Therapeutic Touch (TT) is one of the complementary and alternative medicine practices based on using human energy to heal some medical problems. It consists of three steps: centering, assessment and intervention, but no step requires actual contact with the human body. As with most CAM modalities and practices, it is a highly controversial issue, and there is an ongoing debate about its effectiveness. One of the prominent works devoted to this topic is A Close Look At Therapeutic Touch by Rosa, which provides evidence of its failure and unjustifiable use.1 This essay will provide a critical evaluation of the study, starting with the identification of the reasons and the recommendations based on it and proceeding with the multidimensional critique.
To begin with, it is essential to understand the preconditions of conducting this type of research by Rosa. The complementary and alternative medicine methods, especially ones concerning distant healing, such as prayer or therapeutic touch, remain debatable issues, with some scholars proving their effectiveness.2 Rosa’s research could be called a complimentary one to these opponents of the therapeutic touch. Even though the roots of medicine lie in Asian traditions, namely in Indian prana or Chinese qi, nowadays, the practice attracts the attention of practitioners all around the globe. Rosa argues that most of the research in favor of the method is qualitative rather than quantitative, and thus, represents anecdotal evidence based on people’s descriptions of their feelings. This study, in turn, intends to fill the gaps in the study of this subject. It involves 21 people tested for their ability to feel this human energetic field (HEF). They should have identified and placed the investigator’s hand under blinded conditions. Based on this research, the main recommendation was to terminate any further practice of the therapeutic touch due to its groundless claims.
The first problem with this research connects with the investigator. It is evident that a particular bias is present before conducting the study and the authors admit that they are not the proponents of the TT. Moreover, throughout the literature analysis, a clear overweight of the unsupportive works could be observed. As the investigated issue is connected with human energy, it is possible to assume that the investigator’s attitude has a strong correlation with the outcomes. The investigation itself was performed by a child to obtain the trust of the people but not to demonstrate its trustworthiness to the readers. Thus, the study cannot be called objective as it is initially directed at obtaining the specific results that disprove the effectiveness of the therapeutic touch and not at conducting general research on the topic.
Proceeding to the sample, it is essential to notice that it was utterly random, without any common characteristics of patients except for being between 1 and 27 years old. As per evidence-based medicine, a patient or a problem should be possibly described in terms of similar groups. Furthermore, the empirical evidence-based 21 people are not enough to prove or disprove the effectiveness of the method used by a hundred thousand people. Even if no other proponent quantitative study up to date has used a more significant sample, it is essential to expand the number of people.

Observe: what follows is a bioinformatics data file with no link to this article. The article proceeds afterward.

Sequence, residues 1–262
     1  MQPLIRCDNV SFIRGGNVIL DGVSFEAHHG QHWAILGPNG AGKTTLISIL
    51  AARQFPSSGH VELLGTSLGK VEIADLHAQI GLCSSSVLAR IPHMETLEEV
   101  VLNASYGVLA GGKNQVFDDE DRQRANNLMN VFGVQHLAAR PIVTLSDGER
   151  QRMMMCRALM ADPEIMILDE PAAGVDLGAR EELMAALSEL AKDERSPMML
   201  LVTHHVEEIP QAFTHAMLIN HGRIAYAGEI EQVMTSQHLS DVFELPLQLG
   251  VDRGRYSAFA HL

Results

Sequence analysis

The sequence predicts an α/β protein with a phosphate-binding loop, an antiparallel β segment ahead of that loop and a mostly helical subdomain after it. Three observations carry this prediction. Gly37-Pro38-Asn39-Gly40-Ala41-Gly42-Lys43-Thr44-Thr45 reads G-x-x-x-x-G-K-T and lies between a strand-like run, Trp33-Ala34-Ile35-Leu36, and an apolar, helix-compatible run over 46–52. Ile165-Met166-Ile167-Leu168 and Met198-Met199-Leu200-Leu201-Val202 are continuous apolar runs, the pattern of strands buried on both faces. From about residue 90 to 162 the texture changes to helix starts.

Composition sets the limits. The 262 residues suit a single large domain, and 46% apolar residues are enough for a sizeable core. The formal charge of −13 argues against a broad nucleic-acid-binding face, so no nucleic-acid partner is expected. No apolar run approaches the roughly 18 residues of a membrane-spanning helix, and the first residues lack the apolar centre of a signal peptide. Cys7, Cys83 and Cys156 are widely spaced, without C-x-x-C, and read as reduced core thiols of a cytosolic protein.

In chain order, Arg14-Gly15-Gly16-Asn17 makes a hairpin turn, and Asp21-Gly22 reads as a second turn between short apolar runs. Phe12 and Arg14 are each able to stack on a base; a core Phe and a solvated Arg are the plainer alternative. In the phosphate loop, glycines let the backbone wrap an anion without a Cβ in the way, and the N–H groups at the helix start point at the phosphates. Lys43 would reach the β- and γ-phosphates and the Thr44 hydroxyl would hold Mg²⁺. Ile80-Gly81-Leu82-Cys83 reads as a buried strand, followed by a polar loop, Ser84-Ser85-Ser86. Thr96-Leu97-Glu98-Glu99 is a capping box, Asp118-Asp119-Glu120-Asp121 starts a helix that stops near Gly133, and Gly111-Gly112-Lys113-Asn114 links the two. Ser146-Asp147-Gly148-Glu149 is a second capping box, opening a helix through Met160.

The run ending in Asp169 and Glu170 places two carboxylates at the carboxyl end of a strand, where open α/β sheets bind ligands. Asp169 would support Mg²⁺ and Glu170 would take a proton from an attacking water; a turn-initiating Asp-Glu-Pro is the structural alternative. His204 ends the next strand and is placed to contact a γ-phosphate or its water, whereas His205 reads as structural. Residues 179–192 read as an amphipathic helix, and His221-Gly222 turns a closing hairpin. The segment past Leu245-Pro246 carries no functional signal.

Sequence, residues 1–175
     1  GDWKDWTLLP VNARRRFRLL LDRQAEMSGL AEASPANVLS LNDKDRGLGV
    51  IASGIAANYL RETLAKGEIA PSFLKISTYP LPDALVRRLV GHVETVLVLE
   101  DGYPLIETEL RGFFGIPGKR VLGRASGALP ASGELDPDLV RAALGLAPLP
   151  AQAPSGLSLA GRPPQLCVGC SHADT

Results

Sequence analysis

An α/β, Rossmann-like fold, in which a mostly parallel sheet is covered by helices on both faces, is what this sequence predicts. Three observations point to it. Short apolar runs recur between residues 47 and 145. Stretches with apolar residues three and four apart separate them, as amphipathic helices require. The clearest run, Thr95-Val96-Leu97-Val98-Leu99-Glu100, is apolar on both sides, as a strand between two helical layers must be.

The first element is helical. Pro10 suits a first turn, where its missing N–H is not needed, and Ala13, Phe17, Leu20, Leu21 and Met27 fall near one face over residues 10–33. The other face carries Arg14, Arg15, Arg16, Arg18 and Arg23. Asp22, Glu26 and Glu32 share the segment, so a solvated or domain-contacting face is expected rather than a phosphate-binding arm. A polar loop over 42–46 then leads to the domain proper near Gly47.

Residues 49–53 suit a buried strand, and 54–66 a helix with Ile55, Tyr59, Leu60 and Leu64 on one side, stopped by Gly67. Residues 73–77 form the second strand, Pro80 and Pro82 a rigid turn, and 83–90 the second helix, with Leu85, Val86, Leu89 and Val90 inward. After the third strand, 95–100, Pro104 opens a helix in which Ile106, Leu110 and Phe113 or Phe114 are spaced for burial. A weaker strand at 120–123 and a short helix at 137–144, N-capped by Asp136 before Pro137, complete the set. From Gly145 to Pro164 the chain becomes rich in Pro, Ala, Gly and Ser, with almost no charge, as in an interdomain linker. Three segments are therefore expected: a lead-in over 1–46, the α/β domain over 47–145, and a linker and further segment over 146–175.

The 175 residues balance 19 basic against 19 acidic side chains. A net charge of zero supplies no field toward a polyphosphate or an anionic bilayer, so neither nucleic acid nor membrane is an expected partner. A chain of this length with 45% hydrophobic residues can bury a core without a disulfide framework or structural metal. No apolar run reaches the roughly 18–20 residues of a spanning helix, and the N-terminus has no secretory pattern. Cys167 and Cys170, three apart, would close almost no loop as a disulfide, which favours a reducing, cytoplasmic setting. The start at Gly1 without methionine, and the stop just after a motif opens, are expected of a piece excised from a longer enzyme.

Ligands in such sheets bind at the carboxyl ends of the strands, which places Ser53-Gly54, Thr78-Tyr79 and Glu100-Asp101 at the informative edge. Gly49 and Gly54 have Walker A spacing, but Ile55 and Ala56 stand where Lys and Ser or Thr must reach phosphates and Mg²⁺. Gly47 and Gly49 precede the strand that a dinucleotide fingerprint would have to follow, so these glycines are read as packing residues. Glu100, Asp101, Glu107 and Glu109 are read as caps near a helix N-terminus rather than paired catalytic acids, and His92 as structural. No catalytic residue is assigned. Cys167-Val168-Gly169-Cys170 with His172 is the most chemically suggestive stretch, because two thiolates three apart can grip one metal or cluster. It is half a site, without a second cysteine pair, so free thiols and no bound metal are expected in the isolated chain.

The control methods are relatively straightforward, as a tall opaque screen and a draped towel apparently ensure the fairness of the conducting of the experiment. However, the disproof of the influence of such external factors as air movement and body heat seems not convincing, as only seven subjects were in the experiment. Hence, being the less controversial issue in this research, there is still room for improvement in the control methods.
The study’s design in relation to the principles of TT is the most problematic element of the research. Its objective is the most severe issue, as it is not directed at any medical outcomes but only at the identification of the human energy field. The connection between the ability to ‘feel’ it and the actual effect of the therapeutic touch is not explored throughout the study. Thus, the investigator’s reasons for performing the research on the topic of the theory of healing do not include any healing methods and, therefore, cannot be considered tangible evidence of its ineffectiveness. Moreover, due to this fact, it lacks the comparative perspective with the standard therapy, which demonstrates the absence of a crucial element of the well-formed clinical question.3 Hence, it could be inferred that as the connection between the feeling of the HEF and the outcomes of TT is not proven by this research, it can hardly be used for providing any recommendations.
To conclude, this essay provided a critical overview of the study conducted by Rosa, considering such elements as an investigator, sample, controls, and the design of the research in relation to the therapeutic touch. The main inference is that the information and the empirical evidence presented in this quantitative paper are not sufficient to justify the ineffectiveness of complementary and alternative medicine practices. Therefore, any recommendations given in the paper, including one to stop further TT implementation, are not convincing.
Rosa L, Rosa E, Sarner L, Barrett S. A close look at therapeutic touch. JAMA. 1998;279(13):1005-1010.
Astin JA, Harkness E, Ernst E. The efficacy of “distant healing”: a systematic review of randomized trials. BMJ Evidence-Based Medicine. 2000;5:181.
Heneghan C, Badenoch D. Evidence-based Medicine Toolkit. Oxford, UK: Blackwell Publishing; 2006.